The conclusions drawn from COP28 underscore the critical necessity for youth-led innovation and leadership in our global climate discourse. Specifically, the summit’s outcomes highlight a conspicuous gap in young voices and perspectives, reflecting limited progress on key environmental challenges. This absence is particularly concerning given the direct impact of these decisions on future generations. It’s imperative, therefore, to integrate youth-driven ideas and solutions more prominently in such forums, ensuring that their unique insights and urgency are heard and actively shape the outcomes and our collective response to climate change.

As we look towards the World Economic Forum in Davos, the decisions and discussions at COP28 are still fresh, highlighting the urgency of climate action and the significant role young people must play in this narrative. We understand the stakes because we are living them. Our futures are directly impacted by today’s decisions, giving us a unique and powerful perspective. It is essential, therefore, that our voices are not just included but are central to these discussions.

In my journey, I’ve witnessed how young voices can be powerful catalysts for change. Young people are using technology and innovation to drive change, from developing sustainability apps to leading grassroots campaigns against environmental injustice. For instance, Akufuna Muyunda from Zambia is developing a pioneering mobile application, NatureApp, to transform agricultural practices and enhance climate resilience in Zambia. Rahmina Paulette, a young environmentalist from Kenya, is creating eco-products such as bags and cards from recycled water hyacinth harvested from Lake Victoria.

That’s not to kick older people out of the room, but rather to say that governments, businesses, and decision-makers must embrace intergenerational collaboration. The experience of older generations, combined with the youthful spirit of innovation and urgency, can create groundbreaking solutions.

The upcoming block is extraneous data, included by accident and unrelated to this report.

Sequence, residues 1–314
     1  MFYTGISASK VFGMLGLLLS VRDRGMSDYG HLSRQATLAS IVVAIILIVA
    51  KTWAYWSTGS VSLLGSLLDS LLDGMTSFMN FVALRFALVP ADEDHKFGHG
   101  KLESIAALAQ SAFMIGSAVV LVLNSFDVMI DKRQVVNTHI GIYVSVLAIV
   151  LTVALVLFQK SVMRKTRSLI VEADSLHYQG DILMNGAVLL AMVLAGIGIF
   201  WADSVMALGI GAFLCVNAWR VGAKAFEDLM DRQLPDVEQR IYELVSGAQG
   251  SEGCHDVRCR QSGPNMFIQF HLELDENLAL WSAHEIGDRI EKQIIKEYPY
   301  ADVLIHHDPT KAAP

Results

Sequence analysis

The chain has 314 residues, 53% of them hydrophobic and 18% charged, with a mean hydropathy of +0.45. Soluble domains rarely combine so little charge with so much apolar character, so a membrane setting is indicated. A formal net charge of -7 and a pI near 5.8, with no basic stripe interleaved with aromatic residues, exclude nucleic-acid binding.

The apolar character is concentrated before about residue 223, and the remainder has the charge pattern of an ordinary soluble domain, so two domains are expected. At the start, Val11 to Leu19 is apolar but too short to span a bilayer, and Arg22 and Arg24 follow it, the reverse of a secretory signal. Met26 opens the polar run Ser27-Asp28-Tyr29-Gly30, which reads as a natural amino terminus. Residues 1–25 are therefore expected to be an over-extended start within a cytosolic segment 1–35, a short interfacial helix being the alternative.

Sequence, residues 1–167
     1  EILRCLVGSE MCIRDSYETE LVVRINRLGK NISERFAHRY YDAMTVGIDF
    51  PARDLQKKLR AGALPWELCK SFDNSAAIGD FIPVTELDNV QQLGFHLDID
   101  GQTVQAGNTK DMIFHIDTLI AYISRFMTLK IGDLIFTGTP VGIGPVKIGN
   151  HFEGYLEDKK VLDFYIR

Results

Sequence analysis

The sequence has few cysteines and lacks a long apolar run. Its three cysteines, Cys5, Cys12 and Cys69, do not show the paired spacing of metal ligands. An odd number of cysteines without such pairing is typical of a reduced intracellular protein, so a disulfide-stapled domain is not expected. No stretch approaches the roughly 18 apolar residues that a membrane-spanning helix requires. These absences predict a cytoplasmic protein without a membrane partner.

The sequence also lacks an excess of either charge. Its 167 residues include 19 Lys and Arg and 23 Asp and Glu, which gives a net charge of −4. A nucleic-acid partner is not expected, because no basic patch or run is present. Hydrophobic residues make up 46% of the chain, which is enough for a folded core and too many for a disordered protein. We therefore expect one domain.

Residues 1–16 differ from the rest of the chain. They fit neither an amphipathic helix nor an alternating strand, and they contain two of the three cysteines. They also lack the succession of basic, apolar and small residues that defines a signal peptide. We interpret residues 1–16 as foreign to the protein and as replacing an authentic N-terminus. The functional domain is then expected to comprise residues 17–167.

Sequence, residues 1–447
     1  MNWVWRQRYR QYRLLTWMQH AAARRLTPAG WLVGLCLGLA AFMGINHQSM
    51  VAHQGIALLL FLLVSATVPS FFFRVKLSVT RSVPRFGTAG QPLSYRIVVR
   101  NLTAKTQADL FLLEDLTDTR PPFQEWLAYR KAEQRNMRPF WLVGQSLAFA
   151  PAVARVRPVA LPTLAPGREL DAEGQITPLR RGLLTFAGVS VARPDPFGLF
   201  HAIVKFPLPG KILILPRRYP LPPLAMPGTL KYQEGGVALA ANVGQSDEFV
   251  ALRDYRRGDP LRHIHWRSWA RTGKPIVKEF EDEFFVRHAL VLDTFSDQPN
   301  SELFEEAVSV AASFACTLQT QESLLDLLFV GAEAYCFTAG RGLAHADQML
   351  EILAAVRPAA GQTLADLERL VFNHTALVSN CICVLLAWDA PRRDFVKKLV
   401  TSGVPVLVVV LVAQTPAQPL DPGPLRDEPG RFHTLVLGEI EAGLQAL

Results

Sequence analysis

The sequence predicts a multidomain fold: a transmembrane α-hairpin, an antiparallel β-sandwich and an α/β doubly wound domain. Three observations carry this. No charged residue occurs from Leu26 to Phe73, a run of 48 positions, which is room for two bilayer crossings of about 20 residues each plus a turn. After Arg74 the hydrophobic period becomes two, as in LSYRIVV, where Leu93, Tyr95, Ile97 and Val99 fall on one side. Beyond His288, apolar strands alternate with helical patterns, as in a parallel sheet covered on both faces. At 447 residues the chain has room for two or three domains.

At Davos, we have a unique opportunity to integrate these young voices into the global dialogue. The significance of placing young people at the heart of decision-making processes is clear. Our perspectives are vital. Our experiences are informative. Our solutions are transformative. We are ready to lead, collaborate, and drive meaningful change. This platform, where leaders shape agendas, must prioritize young people’s inclusion in climate conversations. This is how we can do this; we must ensure that we support and empower young people to be present to give their perspectives, ensuring that their voices are not only heard but also form part of the decisions made. We must also invest in young people to bring their solutions to life and create opportunities for diverse young people to amplify their voices.

In an era where the world stands at a pivotal juncture, let us remember this: investing in young people and their innovative solutions is not just a choice; it’s the most promising path toward securing a sustainable, prosperous future for all. Let us seize this moment at Davos, and beyond, to usher in an era of transformative change led by the very generation that holds the key to our shared tomorrow.

Wathuti is an environmentalist, a young Kenyan climate leader, founder of the Green Generation Initiative and TIME100 Impact Award winner